The Jewish ritual was at this period vilely profaned, and was rapidly hastening to dissolution. But so long as it is in force, our blessed Lord condescends to be the pattern of attention and respect to it. And yet, What a scene did the house of God then present! The forms of religion remained, but the power and glory had departed. The letter of the law was still held in affected veneration, but the spirit was completely evaporated. The sacrifices of the living and true God were shamefully prostituted to gratify the most sordid of human passions, godliness was perverted into a mere instrument of filthy lucre, and the house of prayer was degraded into a den of thieves. And such is the fearful progress of moral corruption. Ferver gradually subsides into lukewarmness, and lukewarmness into cold. Indifference soon becomes mere formality, and formality is but a step from total neglect. Neglect degenerates into hatred and aversion,

and an unhallowed zeal at length attempts to destroy what a zeal according to godliness once endeavoured to build up. What can be more opposite and unlike than devout worshippers engaged in a holy contention of gratitude, praise and love, striving who should present the most acceptable sacrifice to the Father of spirits and carnal, worldly-minded formalists trying to over-reach one another; the one eager to purchase the ox or the sheep for his offering at as cheap a rate as possible, and the other to sell it at the highest price. And the very court of the temple is made the open theatre of this abominable commerce.

Before thou liftest up thy hand, O man, to scourge out those impious, sordid, profane Jews, pause, and look into thine own heart. Is no unholy traffic going on there? Knowest thou not that thine own body is the temple of the living God? Whose altar, then, is reared up in that sacred edifice of God's own building; and what incense smokes upon it? Say is the name of Mammon inscribed there? Does sensuality there cele-, brate no nocturnal revels? What shall the palace of the great King be transformed into "a cage of every unclean and hateful bird!". Or, with the superstitious Athenian, art thou ignorantly bowing down before an "unknown God?" Thou regularly observest the hour, and frequentest the house of prayer; but is there no table of the money-changer" lurking in some obscure corner? Didst thou leave the world at the door on coming in? Why wander these eyes abroad over thy neighbour's garb and appearance? They ought to be fixed on "thy Father who is in secret," and who "seeth in secret." Dost thou too "offer the sacrifice of fools ?" Darest thou approach the altar of God, conscious that thou art not yet reconciled to thy brother? The gift in thy hand is polluted; presume not to offer it. "Leave it before the altar, and go thy way; first be reconciled to thy brother, and then come and offer thy gift."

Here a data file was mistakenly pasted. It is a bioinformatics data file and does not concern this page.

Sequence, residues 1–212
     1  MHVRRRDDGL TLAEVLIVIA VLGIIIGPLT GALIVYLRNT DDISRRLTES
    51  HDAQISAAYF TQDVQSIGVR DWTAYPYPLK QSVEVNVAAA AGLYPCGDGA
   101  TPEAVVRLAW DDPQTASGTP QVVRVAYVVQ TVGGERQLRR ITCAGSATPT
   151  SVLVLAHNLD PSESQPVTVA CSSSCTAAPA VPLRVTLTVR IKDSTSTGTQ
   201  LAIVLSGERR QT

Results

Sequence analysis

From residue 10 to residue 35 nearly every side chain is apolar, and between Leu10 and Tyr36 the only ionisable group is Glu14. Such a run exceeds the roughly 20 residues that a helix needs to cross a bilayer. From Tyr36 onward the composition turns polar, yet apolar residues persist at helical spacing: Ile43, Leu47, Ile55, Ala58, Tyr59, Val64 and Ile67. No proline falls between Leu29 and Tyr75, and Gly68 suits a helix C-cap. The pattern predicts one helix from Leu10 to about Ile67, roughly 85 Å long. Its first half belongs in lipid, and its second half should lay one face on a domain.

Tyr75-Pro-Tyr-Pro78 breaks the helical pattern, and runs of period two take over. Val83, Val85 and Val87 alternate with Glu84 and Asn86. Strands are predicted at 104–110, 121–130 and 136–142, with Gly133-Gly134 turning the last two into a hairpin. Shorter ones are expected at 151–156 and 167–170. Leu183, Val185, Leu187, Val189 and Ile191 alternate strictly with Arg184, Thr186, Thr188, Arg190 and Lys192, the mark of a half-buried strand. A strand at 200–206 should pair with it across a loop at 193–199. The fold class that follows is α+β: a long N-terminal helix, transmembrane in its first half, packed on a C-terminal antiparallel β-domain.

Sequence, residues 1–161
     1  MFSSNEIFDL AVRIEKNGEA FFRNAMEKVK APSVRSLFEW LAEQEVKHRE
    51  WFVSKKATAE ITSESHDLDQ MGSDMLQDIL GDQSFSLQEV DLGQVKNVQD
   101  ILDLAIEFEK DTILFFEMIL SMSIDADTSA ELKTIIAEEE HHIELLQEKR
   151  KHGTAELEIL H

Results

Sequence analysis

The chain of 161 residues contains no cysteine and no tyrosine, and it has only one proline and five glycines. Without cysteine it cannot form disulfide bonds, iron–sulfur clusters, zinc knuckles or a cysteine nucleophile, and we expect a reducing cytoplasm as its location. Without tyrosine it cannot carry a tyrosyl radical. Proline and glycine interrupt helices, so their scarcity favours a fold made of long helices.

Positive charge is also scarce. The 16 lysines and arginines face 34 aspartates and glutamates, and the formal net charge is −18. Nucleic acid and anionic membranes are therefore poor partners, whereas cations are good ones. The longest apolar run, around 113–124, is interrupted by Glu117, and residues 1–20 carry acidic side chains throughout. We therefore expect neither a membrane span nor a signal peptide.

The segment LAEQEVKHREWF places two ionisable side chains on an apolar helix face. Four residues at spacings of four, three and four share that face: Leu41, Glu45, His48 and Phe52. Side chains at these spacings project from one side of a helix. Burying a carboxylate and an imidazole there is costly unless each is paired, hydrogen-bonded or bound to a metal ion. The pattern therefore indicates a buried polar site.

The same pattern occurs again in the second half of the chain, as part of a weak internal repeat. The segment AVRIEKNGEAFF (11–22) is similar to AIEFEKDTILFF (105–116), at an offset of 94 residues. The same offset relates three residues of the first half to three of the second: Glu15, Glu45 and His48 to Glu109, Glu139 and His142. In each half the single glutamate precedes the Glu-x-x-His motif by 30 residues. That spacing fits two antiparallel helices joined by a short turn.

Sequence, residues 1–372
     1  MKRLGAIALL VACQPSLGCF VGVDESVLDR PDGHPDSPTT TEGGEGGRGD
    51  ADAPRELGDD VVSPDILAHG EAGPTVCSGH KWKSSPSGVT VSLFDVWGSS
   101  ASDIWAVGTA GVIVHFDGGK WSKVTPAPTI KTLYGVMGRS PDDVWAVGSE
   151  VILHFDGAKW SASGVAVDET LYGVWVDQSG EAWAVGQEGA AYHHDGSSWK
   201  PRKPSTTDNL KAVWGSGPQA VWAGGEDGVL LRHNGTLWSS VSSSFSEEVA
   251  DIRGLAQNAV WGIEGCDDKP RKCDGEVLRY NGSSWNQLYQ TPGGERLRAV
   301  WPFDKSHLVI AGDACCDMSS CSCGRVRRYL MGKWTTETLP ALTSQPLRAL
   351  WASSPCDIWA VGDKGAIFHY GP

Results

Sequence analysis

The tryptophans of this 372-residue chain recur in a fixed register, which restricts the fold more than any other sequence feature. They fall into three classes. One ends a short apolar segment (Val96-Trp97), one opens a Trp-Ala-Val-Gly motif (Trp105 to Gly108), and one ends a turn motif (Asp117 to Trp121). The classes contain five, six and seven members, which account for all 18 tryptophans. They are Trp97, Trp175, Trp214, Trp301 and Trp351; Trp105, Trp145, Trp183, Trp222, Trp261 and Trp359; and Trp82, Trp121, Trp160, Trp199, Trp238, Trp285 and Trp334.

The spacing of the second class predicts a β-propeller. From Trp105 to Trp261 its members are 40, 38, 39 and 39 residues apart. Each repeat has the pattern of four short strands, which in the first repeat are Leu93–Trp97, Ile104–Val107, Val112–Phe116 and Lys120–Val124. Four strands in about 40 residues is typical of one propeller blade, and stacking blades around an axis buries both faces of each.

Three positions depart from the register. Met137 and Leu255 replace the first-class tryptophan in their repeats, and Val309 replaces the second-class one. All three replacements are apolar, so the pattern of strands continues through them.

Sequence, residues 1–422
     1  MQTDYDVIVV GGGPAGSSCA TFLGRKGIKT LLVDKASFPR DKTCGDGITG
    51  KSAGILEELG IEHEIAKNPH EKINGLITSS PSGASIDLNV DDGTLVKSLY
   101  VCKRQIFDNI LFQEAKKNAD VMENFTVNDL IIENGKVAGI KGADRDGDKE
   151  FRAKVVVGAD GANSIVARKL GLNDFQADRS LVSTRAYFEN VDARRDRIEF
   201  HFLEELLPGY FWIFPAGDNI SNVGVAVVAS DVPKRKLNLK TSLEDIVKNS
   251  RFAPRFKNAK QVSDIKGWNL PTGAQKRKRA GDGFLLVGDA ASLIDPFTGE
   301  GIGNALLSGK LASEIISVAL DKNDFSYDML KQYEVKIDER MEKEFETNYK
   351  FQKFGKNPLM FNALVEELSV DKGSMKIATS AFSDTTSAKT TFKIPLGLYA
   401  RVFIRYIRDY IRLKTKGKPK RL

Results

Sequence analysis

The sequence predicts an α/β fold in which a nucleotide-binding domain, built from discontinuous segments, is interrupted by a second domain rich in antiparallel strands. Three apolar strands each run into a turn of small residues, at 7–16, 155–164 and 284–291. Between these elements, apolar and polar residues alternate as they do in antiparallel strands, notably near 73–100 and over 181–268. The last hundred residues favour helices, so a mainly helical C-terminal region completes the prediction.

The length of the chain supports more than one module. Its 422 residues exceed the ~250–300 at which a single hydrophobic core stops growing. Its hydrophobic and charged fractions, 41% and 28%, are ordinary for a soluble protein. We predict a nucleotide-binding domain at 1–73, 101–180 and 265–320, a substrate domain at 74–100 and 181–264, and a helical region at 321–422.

It was the court of the Gentile which this scandalous trade thus shamefully profaned, by the buying and selling of sheep, and oxen, and doves; and by the exchange of foreign for current coin, and of money of a higher for that of a lower denomination. And thus not only was the worship of the great Jehovah debased and perverted, but the minds of decent and devout strangers, who "had come to Jerusalem for to worship," must have been grievously shocked and scandalized, to the utter extinction of every serious and devotional impression. This it was which excited a holy and just indignation in the Son of God; in beholding the temple violated, the sacrifices of God defiled, and a stumbling block laid in the way of proselytes, by men invested with a sacred character.

"And when he had made a scourge of small cords, he drove them all out of the temple, and the sheep, and the oxen; and poured out the changers' money, and overthrew the tables; and said unto them that sold doves, Take these things hence; make not my Father's house, a house of merchandize." This discloses a new and singular exhibition of our blessed Lord's spirit and temper. No personal injury or insult could provoke one expression of resentment. He "gave his back to the smiters, and his cheeks to them that plucked off the hair he hid not his face from shame and spitting:" you have heard of the meekness of Moses, and of the patience of Job. But what are they to the patience, meekness and gentleness of Christ? Nevertheless these gracious qualities have a boundary. There are occa


cions where the exercise of them would cease to be virtue, and where man would "do well to be angry. Wanton deliberate profanation of the name, the day, the house of the Lord, is one of those occasions which justify severity. A commanding dignity, an irresistable glory must have occasionally beamed from the person of our Lord, which overawed and intimidated the beholder. How is it possible otherwise to account for